Large Majority Views Measles Vaccine as Safe
An 83% majority of Americans — including majorities across virtually every demographic and partisan group — say vaccines for diseases such as measles, mumps and rubella (MMR) are safe for healthy children.
After Charlie Hebdo, Balancing Press Freedom and Respect for Religion
Following attacks on French satirical magazine Charlie Hebdo, U.S. public opinion of the appropriateness of the magazine’s cartoons of Prophet Muhammad show tension between free expression and religious tolerance.
Many in U.S. followed Charlie Hebdo story closely, but past terrorist incidents abroad drew more attention
The attack on the offices of the satirical French magazine Charlie Hebdo claiming 12 lives was the most closely followed news in the U.S. last week, but interest in the story was not as high when compared with four previous terrorist incidents abroad.
Immigration changes draw broad public interest
President Obama’s executive action on immigration, expanding deportation relief to millions of undocumented immigrants, attracted strong public interest last week.
Ebola ranks among highest in news interest since 2010
About half of U.S. adults (49%) followed Ebola news very closely last week, elevating the story to our list of most-followed events since 2010.
Ebola Worries Rise, But Most Are ‘Fairly’ Confident in Government, Hospitals to Deal With Disease
Most people (58%) express little or no concern about becoming exposed to Ebola, though that is down from 67% in early October.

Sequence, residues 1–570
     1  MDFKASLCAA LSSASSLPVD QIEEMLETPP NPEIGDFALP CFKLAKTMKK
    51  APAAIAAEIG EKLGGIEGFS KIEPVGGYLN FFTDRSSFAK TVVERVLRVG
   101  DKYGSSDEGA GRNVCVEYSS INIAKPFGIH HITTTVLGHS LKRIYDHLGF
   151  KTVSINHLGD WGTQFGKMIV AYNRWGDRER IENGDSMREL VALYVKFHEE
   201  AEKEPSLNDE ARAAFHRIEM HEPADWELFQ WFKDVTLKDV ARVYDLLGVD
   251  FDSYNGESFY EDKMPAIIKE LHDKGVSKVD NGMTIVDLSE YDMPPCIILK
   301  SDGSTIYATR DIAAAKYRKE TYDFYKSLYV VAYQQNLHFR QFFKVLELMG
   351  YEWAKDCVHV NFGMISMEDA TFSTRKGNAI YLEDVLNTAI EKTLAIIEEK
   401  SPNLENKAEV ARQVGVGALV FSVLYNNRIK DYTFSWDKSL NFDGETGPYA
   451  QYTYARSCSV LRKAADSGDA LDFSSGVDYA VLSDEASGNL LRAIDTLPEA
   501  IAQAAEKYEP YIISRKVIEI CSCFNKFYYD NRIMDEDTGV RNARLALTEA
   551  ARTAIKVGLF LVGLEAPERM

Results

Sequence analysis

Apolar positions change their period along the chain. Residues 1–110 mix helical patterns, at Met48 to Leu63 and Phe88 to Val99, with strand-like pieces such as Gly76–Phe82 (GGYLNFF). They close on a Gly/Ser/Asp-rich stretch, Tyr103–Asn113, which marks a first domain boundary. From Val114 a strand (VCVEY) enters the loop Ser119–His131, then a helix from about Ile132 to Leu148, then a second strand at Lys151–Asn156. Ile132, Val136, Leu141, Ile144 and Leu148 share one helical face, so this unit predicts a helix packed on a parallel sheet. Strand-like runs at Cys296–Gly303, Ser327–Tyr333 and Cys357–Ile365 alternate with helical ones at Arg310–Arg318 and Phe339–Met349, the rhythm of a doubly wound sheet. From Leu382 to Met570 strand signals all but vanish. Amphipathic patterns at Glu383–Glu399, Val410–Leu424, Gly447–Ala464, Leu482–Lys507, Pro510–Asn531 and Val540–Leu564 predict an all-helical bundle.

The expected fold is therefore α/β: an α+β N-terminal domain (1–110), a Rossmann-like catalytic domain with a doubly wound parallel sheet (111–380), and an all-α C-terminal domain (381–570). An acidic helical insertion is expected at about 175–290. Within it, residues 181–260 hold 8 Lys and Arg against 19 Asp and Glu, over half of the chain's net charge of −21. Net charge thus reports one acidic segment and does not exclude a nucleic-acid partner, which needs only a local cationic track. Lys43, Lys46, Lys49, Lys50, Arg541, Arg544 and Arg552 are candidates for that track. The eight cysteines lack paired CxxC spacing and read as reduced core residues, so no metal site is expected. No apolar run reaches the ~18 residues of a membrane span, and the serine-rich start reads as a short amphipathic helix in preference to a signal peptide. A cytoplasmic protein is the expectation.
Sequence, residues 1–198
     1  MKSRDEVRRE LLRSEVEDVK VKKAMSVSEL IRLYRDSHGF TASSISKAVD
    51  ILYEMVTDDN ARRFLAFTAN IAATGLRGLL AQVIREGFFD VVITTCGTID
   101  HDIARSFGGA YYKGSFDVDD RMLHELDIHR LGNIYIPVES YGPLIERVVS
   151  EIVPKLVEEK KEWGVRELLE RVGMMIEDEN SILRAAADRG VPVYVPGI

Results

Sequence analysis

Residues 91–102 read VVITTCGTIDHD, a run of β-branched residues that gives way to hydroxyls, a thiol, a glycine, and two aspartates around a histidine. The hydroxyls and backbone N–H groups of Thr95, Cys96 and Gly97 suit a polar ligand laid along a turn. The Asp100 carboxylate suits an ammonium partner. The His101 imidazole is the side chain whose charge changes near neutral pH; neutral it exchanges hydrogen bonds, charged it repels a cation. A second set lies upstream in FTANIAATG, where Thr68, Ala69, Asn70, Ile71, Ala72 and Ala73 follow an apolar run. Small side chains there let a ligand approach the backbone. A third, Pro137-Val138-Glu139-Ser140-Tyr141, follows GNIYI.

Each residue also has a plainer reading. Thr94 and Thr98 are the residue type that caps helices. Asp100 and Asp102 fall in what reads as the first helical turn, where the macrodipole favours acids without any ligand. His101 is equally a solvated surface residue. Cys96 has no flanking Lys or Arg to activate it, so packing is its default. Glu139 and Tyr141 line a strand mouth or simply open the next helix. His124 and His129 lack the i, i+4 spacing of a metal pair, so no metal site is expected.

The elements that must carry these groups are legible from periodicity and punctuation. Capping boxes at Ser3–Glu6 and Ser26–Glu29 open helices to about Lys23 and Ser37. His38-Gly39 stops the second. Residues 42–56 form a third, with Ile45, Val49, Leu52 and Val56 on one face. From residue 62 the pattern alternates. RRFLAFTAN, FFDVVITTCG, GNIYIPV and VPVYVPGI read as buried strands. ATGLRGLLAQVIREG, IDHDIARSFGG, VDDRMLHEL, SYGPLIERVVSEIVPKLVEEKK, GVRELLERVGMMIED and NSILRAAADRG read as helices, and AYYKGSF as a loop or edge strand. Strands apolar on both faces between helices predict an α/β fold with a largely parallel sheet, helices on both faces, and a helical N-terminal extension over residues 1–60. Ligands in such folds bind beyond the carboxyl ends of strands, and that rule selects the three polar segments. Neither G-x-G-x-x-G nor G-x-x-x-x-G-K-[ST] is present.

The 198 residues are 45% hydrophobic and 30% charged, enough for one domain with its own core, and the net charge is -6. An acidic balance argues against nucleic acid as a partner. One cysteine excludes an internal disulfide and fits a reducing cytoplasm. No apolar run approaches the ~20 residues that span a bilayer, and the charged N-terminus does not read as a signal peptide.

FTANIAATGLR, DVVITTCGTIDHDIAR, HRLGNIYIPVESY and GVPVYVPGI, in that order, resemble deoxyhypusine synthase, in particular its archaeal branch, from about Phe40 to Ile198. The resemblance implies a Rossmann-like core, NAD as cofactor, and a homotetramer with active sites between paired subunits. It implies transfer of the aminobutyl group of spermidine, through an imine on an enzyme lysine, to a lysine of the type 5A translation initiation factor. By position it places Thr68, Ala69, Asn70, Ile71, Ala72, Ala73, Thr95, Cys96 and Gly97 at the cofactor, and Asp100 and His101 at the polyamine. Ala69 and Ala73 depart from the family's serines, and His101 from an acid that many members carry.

For many Americans, a ‘meh’ midterm
Midterm elections rarely excite the general public, but 2014 is shaping up to be an especially underwhelming cycle for many Americans.
Partisan Differences Over Depth of Recent Secret Service Problems
Following a White House security breach and reports of other Secret Service problems, roughly equal shares of the public think the recent issues are mainly isolated incidents as think they are signs of broader problems with the agency.
Bipartisan Support for U.S. Military Campaign against ISIS
In a rare display of bipartisanship, majorities of both Republicans (64%) and Democrats (60%) approve of President Obama’s plan for a military campaign against Islamic militants in Iraq and Syria.
Stark Racial Divisions in Reactions to Ferguson Police Shooting
Blacks are about twice as likely as whites to say that the police shooting of Michael Brown in Ferguson, Mo., raises important issues about race and that police have gone too far in responding to the shooting’s aftermath.